When I leave my bedroom in the morning I walk through a spiderweb. I try to pull it off of my body as if it’s a hair that can be snatched up and discarded. But it’s not a hair and I can’t quite grab it so it lingers and eventually dissolves.

During the day I find webs everywhere: between two leaves of a plant, the bookshelf and the wall, the two kitchen chairs that no one ever sits in. Over a few weeks I’ve taken several spiders outside. I use the classic cup and paper method. Once freed in the garden they run as fast as they can away from the light.

I find so many spiders that soon I stop bothering to catch them. Most are small and scared anyway. I don’t mind their company. One night in the shower a long-legged spider tries to fight his way out of a stream of water. I adjust the spout, hoping to make it easier for him. But still he struggles and I can see it in his little body: the urgency, the terror, the scramble to hold on to life.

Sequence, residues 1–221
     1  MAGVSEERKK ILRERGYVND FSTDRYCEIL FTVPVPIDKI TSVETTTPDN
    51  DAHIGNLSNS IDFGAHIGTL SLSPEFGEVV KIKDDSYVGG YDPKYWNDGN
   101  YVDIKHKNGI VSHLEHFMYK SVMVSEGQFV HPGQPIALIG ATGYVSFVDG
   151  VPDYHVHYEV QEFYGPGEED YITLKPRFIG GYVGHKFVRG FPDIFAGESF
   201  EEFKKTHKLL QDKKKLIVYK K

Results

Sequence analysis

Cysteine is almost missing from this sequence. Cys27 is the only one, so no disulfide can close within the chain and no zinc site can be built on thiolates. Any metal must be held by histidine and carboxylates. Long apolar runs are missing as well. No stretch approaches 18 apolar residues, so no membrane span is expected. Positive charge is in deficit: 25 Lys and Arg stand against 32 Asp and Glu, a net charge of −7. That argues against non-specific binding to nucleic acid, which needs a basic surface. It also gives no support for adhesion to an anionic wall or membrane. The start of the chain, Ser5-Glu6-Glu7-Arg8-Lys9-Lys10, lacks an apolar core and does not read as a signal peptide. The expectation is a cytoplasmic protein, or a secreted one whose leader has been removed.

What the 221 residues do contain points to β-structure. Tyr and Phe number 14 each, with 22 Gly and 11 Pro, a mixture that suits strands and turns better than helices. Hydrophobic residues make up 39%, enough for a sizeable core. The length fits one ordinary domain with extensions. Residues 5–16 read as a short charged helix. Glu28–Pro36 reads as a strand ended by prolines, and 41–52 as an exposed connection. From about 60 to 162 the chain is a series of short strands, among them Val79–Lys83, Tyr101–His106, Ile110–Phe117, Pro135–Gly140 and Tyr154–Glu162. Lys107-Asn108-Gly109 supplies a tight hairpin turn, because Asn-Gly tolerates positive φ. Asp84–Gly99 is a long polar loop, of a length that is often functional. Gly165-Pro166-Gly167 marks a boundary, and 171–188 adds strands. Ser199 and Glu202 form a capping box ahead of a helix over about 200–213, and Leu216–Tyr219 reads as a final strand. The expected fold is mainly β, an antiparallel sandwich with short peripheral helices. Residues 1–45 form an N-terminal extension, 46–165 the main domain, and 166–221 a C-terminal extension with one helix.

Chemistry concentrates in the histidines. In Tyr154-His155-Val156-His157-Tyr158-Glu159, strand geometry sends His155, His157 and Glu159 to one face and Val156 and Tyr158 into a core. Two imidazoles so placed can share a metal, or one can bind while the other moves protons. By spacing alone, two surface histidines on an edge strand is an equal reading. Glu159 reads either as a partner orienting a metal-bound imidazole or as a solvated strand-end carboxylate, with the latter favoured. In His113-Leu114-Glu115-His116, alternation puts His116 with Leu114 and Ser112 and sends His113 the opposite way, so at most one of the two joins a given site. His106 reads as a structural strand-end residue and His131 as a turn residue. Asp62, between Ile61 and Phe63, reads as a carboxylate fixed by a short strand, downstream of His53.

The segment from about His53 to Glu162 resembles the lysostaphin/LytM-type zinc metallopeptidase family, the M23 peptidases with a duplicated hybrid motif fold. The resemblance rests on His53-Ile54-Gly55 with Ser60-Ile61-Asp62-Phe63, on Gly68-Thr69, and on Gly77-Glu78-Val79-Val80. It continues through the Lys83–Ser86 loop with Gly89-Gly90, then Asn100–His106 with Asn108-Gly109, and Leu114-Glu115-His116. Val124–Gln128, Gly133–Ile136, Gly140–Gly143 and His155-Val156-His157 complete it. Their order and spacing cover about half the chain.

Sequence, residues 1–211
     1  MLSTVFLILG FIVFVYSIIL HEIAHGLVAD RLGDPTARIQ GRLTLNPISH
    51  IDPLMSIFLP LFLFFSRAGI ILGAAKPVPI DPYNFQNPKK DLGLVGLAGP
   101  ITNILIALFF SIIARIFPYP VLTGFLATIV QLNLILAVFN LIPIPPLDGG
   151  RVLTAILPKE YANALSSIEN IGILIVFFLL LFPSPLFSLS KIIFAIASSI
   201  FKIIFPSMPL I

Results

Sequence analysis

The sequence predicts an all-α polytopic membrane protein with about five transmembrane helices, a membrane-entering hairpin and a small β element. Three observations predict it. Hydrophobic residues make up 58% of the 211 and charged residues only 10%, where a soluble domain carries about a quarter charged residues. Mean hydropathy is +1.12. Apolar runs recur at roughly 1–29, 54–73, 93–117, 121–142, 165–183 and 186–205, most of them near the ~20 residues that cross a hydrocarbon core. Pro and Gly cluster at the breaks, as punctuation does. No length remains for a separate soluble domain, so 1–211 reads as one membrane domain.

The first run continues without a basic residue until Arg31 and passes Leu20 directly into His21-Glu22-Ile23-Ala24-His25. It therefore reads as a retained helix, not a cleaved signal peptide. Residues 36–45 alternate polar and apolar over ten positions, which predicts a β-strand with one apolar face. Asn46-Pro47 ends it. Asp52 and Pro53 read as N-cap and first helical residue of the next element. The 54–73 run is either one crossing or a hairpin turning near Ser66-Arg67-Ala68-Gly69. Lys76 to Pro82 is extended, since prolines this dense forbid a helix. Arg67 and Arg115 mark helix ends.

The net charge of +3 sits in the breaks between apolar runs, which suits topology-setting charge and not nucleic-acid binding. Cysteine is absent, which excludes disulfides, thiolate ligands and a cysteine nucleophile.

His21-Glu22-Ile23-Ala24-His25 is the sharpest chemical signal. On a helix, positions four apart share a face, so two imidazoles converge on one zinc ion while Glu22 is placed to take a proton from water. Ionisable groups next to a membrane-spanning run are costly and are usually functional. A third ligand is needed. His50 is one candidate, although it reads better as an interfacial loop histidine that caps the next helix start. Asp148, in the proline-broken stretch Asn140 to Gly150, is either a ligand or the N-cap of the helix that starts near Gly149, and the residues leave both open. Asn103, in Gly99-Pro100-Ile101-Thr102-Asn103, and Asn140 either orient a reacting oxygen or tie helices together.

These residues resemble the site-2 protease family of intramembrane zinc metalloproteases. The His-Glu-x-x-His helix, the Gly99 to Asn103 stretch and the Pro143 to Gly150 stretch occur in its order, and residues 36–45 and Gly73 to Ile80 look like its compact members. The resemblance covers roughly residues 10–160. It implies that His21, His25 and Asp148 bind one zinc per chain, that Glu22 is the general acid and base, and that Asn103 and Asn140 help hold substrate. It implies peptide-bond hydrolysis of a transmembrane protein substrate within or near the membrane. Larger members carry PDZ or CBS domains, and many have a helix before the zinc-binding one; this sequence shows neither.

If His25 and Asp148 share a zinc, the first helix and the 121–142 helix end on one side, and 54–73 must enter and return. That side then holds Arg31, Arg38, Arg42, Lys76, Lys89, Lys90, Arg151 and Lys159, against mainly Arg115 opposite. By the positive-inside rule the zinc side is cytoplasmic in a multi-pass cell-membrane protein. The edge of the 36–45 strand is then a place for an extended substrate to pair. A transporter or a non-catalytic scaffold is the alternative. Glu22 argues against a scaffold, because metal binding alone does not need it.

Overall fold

The spider does not ask itself: why hold on for dear life? Why is the drain my demise? What do I have to gain from a long and comfortable life in this dimly lit bathroom?

No it doesn’t ask any of those questions (I mean, I don’t think it does…). It just struggles. I can hardly bear to watch it anymore. I turn off the water. I help it out of the basin and watch it find peace in the cavernous space behind the toilet. Then I continue my shower.

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